Reply
    1. David Post author

      Hi Jason

      Having spent the last two days clinging on to a wobbling extractor in a 30°C room, sweating buckets and getting thoroughly bad tempered every time a frame imploded, late this afternoon I was beginning to feel that the end of the season cannot come fast enough. However, after an ice-cold beer and a satisfied totting up of a record honey harvest (with a little more to complete tomorrow … and the dreaded cleaning up) I’m feeling much more positive about things. Extracting really is grim.

      I’ll have forgotten the tedium of extracting in a few years days and, like you, will start planning for the season ahead. Actually, I’ve already made a start, buying some books and some new equipment for some queen rearing ‘experiments’.

      Have a good holiday.
      Cheers
      David

      Reply
  6. Maccon Keane

    Dear David.
    Apologies for this late question which would probably have been better applied to last weeks post ( or one of the older Varroa posts ) but it’s a dilemma I and perhaps some other readers are facing at the moment. At this point in the season after super removal you recommend application of mitocide to reduce varroa infestation in the winter bee population that are currently being laid. However in many locations including here in the west of Ireland there is a significant crop of ivy nectar that will be harvested by the bees over the next 2 to 3 weeks. This honey will act as winter feed ( Equivalent to your fondant ) but it also supplies a rather unique niche honey harvest. Given that miticide should not be used where honey is to be harvested what do you recommend to control varroa in the winter bee population that are currently being laid in the context on an ongoing important nectar flow. As ever I look forward to your reply with interest.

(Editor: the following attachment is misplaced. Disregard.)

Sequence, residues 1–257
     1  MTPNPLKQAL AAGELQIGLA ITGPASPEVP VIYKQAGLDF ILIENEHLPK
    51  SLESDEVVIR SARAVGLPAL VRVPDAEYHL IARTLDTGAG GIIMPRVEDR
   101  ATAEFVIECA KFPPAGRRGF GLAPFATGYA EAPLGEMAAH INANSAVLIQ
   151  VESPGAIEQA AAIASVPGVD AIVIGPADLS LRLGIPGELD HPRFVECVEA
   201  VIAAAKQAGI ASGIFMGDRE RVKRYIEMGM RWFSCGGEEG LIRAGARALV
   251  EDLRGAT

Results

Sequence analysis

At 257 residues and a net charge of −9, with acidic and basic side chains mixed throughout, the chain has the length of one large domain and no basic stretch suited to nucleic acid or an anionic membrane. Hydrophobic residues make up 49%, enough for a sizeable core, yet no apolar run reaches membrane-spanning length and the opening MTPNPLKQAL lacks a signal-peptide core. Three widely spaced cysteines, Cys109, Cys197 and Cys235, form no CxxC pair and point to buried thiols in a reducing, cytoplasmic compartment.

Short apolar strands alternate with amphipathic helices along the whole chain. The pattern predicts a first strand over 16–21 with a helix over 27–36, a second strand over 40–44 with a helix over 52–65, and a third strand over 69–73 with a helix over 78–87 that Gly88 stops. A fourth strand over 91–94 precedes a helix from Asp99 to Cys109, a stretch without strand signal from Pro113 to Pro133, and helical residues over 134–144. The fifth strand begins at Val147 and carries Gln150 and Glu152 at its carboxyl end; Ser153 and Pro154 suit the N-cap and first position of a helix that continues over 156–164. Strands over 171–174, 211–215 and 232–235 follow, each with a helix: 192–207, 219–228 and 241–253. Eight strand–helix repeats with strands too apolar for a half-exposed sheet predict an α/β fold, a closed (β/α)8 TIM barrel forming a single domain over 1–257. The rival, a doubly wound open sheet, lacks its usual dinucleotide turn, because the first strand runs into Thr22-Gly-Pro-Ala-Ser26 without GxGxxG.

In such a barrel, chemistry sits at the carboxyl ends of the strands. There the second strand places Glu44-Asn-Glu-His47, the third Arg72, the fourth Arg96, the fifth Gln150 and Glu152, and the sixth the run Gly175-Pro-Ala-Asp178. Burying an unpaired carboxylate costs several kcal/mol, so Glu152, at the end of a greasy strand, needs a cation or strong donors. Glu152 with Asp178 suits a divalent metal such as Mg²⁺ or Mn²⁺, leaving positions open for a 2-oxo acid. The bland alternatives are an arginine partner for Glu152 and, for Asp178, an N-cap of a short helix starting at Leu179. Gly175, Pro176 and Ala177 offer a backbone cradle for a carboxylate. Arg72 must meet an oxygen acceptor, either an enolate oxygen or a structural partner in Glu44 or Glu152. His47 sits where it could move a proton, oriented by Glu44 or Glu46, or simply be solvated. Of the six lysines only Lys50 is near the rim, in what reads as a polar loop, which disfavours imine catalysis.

Kind regards

    Maccon

    Reply
    1. David Post author

      Hi Maccon

      Good to hear from you (and thank you for the coffees 😉 ) … I’ve never lived anywhere where the ivy yielded enough, early enough, to be a viable source of nectar for honey production (and believe the resulting honey is a bit of an acquired taste). However, the problem isn’t dissimilar to a year with a very late heather crop. This year it’s almost finished here, but in some seasons it can go for another fortnight.